The kick-off to the NFL season is just days away. And you know what that means: From tickets to tailgating to playoffs, the Super Bowl, and so much more, Americans will be captivated by our beloved sport.
And we also know fantasy football, the game outside the game, will capture our attention and our time.
But it turns out it's more than just a fun hobby that will keep us tuned into the Titans and Jaguars in week six, because fantasy football has four ways to clearly teach you how to properly manage your money.
The variety of options
To begin, it all starts with the draft, which is the most essential part of the construction of a fantasy team.
There can be two types, a "snake draft" in which players are randomly assigned a spot to draft, and they select one player with each pick per round. The second is an auction draft, in which participants are given a budget and have to "bid" on players to construct their teams.
In some ways, the two types of drafts mirror investment strategies. The snake draft is a little like automatic enrollment into a 401(k), when you know exactly how much, and when you'll be investing, likely in a defined set of index funds. While there is certainly decision associated therein, it's a much more set-in-stone process.
On the other hand, an auction draft is much more like the personal management of your own retirement savings. You have a budget, and you must decide exactly where you want to put it. Just like you could pour more than half of your budget into Adrian Peterson and Peyton Manning (the highest ranked running back and quarterback), you could also decide there are a few stocks that you think will do great things and devote a large portion of savings into them.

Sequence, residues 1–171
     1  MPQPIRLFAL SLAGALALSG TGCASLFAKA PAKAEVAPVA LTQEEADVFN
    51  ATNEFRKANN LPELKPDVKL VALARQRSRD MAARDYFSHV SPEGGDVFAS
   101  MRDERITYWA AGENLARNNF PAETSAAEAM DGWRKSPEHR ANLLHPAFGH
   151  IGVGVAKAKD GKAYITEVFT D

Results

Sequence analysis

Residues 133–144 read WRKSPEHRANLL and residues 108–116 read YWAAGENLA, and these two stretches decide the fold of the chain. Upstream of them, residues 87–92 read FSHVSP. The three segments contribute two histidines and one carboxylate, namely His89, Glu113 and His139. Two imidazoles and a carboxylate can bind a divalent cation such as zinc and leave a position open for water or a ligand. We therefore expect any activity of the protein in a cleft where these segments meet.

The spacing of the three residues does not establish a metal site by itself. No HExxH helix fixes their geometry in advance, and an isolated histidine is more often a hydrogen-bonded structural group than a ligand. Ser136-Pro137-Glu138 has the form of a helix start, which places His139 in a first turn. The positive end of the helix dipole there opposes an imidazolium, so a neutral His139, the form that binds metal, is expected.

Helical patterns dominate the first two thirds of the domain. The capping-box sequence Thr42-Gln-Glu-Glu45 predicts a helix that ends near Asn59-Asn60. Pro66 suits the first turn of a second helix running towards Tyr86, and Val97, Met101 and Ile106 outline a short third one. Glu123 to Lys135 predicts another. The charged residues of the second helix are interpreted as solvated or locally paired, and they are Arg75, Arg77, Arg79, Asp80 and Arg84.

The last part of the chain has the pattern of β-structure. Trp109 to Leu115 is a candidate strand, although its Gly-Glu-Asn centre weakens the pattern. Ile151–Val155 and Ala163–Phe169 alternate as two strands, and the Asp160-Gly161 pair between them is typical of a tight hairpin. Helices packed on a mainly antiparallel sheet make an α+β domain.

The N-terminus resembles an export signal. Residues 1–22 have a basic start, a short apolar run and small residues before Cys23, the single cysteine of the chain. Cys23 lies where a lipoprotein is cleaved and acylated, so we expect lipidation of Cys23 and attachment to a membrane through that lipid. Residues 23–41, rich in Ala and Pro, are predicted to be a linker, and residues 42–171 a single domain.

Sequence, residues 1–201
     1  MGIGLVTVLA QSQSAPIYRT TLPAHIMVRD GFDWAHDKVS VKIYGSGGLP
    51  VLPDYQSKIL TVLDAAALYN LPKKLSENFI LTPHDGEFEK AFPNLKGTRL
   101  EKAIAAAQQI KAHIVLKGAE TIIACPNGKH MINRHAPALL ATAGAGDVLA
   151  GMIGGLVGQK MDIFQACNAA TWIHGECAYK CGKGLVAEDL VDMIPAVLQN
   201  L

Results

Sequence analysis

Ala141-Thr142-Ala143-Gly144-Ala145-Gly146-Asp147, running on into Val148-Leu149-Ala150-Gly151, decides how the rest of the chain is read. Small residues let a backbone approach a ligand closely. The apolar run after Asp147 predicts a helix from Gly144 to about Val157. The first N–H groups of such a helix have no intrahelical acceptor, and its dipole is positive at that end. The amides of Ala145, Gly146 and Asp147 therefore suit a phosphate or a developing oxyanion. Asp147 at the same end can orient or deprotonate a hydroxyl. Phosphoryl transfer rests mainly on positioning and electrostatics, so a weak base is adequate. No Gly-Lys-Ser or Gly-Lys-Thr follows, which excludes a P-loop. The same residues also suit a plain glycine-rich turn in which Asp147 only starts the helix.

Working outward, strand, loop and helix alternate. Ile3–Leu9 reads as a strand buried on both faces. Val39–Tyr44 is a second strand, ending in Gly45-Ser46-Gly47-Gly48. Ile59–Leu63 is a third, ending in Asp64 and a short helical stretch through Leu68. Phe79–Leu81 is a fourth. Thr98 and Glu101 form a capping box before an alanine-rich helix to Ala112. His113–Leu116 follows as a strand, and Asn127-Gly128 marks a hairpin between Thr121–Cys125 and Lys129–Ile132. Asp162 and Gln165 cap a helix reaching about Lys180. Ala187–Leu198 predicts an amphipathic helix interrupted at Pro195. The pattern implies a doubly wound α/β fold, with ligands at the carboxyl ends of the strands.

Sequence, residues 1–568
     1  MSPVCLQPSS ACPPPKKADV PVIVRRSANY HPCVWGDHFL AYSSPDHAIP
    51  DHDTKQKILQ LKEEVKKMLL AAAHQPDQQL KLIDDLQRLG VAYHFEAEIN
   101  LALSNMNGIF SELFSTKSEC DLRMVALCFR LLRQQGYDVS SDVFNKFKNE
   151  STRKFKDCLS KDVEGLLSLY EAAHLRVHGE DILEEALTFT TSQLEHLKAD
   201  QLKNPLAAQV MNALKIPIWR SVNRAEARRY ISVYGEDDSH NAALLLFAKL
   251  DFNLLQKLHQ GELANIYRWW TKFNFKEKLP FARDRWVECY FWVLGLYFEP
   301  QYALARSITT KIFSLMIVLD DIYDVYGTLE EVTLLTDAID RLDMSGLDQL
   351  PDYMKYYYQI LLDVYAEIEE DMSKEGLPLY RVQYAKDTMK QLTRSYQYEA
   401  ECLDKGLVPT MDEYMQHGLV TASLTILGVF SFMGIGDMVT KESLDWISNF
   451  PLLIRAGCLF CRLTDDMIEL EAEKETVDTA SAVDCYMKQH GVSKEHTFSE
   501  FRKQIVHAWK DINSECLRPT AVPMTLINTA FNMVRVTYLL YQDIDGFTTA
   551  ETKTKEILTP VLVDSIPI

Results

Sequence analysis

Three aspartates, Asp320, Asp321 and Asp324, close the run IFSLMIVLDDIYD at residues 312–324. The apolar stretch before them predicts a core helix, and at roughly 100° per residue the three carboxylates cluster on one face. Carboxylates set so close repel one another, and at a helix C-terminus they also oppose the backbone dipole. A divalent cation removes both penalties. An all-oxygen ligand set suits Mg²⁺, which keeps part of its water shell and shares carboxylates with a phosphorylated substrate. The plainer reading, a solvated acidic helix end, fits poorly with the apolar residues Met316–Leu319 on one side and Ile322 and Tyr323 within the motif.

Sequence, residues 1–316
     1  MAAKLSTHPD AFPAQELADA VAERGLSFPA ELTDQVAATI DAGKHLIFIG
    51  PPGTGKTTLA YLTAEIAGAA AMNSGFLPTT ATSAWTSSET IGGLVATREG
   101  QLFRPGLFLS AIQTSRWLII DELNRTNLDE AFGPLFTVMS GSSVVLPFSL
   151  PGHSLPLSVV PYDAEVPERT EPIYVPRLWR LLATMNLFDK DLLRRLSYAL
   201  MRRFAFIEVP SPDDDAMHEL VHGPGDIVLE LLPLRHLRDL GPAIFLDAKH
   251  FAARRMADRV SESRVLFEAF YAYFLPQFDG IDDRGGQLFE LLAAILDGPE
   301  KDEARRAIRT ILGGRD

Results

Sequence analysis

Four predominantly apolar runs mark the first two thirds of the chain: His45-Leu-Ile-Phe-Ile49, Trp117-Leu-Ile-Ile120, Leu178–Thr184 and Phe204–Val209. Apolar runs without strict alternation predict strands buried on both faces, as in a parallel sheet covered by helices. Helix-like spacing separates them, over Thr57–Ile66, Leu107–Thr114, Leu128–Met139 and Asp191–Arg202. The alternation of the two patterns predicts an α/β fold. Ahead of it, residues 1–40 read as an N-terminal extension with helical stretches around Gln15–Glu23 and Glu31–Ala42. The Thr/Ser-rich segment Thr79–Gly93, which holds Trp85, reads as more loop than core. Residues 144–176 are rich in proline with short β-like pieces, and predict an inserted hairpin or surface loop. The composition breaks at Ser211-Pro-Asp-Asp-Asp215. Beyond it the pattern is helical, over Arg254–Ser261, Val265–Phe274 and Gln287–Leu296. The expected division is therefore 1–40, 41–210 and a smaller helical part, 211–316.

Or with your investments, you might decide you'd rather spread out your dollars, and invest an almost equal amount in a diverse variety of companies, and not dedicate too much into a single one. Because just like the devastating impact to your team if Adrian Peterson went down after you spent 30% of your budget on him, the results would be disastrous if the stock you had 30% of your money parked in plummeted.
The importance of research
But regardless of how you draft, there is the critical importance of either doing your own research, or trusting the experts. And the same is true in investing.
For example, someone who loves fantasy football could read all the magazines and columns, listen to the podcasts, watch the TV specials, and create his or her own opinion of player rankings before drafting. They could spend hours -- or even days -- further exploring what their draft strategy will be.
And their friend could spend a total of three minutes going to one of the expert websites, and simply printing off the top-300 ranking, and trusting in their opinion.
In the same way, you can either carefully do your own research on where to put your money, or you can follow the trusted advice of proven experts -- and not just TV personalities -- to guide your investing opinion.
Remember, Jordan Wathen revealed it was Warren Buffett who said:
If you like spending 6-8 hours per week working on investments, do it. If you don't, then dollar-cost average into index funds. This accomplishes diversification across assets and time, two very important things.